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    • "The absence of any systematic age trend for all other manifestations and dimensions of egocentrism is a disturbing result, but similar to other research findings (Goossens, 1984, study 1; Gray & Hudson, 1984; Hudson & Gray, 1986; Jahnke & Blanchard-Fields , 1993; Lapsley et al., 1986, study 1; Peterson, 1982; Richter et al., 1982). This finding and the fact that selfconsciousness increases with age support the view that the imaginary audience at least may fluctuate during adolescence as a function of the individual's attempt to cope with developmental transitions and life events (Aalsma et al., 2006; Bjorklund & Green, 1992; Lapsley & Aalsma, 2006). These fluctuations are not accounted for by Elkind's (1967, 1970, 1978) model. "
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    ABSTRACT: The aim of this research was to test empirically Elkind's (1967, 1970, 1978) Piagetian theoretical formu-lation for the developmental nature of adolescent egocentrism. The contribution of this study is threefold because it includes: 1) Pubertal development (with a distinction between status and timing), which has been systematically ignored by other investigators; 2) a broad age range (11 -18 year-old adolescents); and 3) a variety of manifestations and dimensions of egocentrism. The association of the two main forms of adolescent egocentrism—the imaginary audience and the personal fable—with age, gender, pubertal development, and formal operational thought was investigated. Participants were 314 adolescents who completed the Physical Development Scale (Petersen, Crockett, Richards, & Boxer, 1988), a battery of cognitive tasks (Demetriou, Efklides, & Platsidou, 1993), the Imaginary Audience Scale (Elkind & Bo-wen, 1979), the New Imaginary Audience Scale (Lapsley, Fitzgerald, Rice, & Jackson, 1989), the Per-sonal Fable Scale (Elkind, personal communication, August 10, 1993), and the New Personal Fable Scale (Lapsley et al., 1989). Findings provided partial support for Elkind's hypothesis. Only the imaginary au-dience in the form of self-consciousness was associated with grade. Systematic gender differences emerged for several dimensions of imaginary audience and personal fable. For only a few dimensions of imaginary audience and personal fable the expected associations with pubertal and cognitive development, as well as interesting interaction effects, were found. Results are discussed in terms of their implications for Elkind's theory and for alternative interpretations of imaginary audience and personal fable.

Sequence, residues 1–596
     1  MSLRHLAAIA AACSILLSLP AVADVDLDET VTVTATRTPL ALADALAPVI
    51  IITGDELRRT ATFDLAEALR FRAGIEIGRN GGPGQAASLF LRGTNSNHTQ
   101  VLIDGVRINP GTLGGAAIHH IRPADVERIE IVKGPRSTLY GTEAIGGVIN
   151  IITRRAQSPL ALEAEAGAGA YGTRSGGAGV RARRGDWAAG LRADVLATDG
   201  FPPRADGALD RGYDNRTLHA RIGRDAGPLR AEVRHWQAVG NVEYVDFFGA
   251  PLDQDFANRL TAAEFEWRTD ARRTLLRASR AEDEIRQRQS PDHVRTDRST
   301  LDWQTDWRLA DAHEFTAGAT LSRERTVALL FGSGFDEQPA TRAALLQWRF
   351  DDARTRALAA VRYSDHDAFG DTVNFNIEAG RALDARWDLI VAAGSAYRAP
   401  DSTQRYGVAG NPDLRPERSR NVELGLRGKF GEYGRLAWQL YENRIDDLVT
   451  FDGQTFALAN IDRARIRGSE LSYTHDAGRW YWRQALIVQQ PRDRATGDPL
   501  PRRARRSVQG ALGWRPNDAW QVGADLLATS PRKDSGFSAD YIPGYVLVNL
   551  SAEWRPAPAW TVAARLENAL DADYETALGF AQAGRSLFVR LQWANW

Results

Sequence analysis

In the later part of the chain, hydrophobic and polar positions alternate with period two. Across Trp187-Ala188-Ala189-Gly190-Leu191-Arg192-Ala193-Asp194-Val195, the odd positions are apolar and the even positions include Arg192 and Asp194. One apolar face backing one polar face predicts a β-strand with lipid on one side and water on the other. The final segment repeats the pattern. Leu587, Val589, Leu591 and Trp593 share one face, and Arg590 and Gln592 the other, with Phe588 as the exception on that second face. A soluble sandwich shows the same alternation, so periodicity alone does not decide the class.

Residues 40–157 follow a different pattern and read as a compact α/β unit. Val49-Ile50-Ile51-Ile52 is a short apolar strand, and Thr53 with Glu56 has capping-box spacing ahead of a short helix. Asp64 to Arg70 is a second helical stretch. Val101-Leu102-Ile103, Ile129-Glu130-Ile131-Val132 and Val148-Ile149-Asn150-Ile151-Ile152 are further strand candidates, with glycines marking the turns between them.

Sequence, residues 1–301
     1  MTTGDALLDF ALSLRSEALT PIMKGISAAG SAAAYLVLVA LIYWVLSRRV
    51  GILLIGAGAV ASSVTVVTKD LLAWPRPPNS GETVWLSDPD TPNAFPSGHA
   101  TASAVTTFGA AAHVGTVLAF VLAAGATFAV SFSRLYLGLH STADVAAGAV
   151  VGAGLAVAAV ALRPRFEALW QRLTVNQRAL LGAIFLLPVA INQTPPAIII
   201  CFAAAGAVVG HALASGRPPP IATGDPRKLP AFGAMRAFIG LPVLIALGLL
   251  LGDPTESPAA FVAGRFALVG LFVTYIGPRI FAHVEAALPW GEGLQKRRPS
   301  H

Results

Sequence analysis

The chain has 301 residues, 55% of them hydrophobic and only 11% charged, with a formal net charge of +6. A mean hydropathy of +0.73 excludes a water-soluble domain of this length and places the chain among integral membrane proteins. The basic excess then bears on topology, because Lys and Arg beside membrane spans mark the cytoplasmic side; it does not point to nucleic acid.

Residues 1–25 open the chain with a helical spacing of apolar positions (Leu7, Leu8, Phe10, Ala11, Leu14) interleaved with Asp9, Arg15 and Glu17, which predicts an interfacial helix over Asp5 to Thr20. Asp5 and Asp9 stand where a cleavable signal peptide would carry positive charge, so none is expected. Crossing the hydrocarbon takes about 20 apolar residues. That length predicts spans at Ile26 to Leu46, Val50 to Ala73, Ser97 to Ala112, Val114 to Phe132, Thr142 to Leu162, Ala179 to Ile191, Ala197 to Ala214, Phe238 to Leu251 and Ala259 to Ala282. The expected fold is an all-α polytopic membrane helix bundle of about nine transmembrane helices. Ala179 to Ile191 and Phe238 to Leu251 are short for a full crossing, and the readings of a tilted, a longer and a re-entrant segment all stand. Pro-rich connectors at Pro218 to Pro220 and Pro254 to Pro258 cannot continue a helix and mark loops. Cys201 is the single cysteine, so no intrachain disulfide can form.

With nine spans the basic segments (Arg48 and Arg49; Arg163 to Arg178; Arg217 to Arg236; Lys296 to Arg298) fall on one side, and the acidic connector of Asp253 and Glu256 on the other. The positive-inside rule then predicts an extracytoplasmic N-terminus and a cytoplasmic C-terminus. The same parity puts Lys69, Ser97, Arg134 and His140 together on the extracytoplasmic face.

Psychology 01/2012; 03(06). DOI:10.4236/psych.2012.36065
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    • "Recent approaches toward defining and measuring invulnerability have considered invulnerability multidimensional—including domains of general, danger, and interpersonal invulnerability—and as indicative of the adolescent developmental process of separation–individuation (see Aalsma et al., 2006). Such a conceptualization may shed light on whether or not particular thoughts of invulnerability translate to delinquent/aggressive actions, yet this possibility has not been extensively examined. "
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    ABSTRACT: This study examined the correlations between invulnerability, narcissism, self-esteem, delinquency, and aggression in a sample of at-risk adolescents. Participants were 213, 16–18 year-olds (169 male, 44 female). As expected, narcissism and invulnerability were related to delinquency and aggression. However, maladaptive narcissism predicted unique variance in delinquency and relational aggression. A negative effect for self-esteem emerged for predicting delinquency when controlling for narcissism and perceived invulnerability. The distributions of narcissism and invulnerability indicated that these constructs may not, as a rule, be elevated in such youth. Some preliminary implications for the role of these variables in adolescent problem behaviors are presented.
    Personality and Individual Differences 10/2009; 47(6-47):577-582. DOI:10.1016/j.paid.2009.05.022 · 1.86 Impact Factor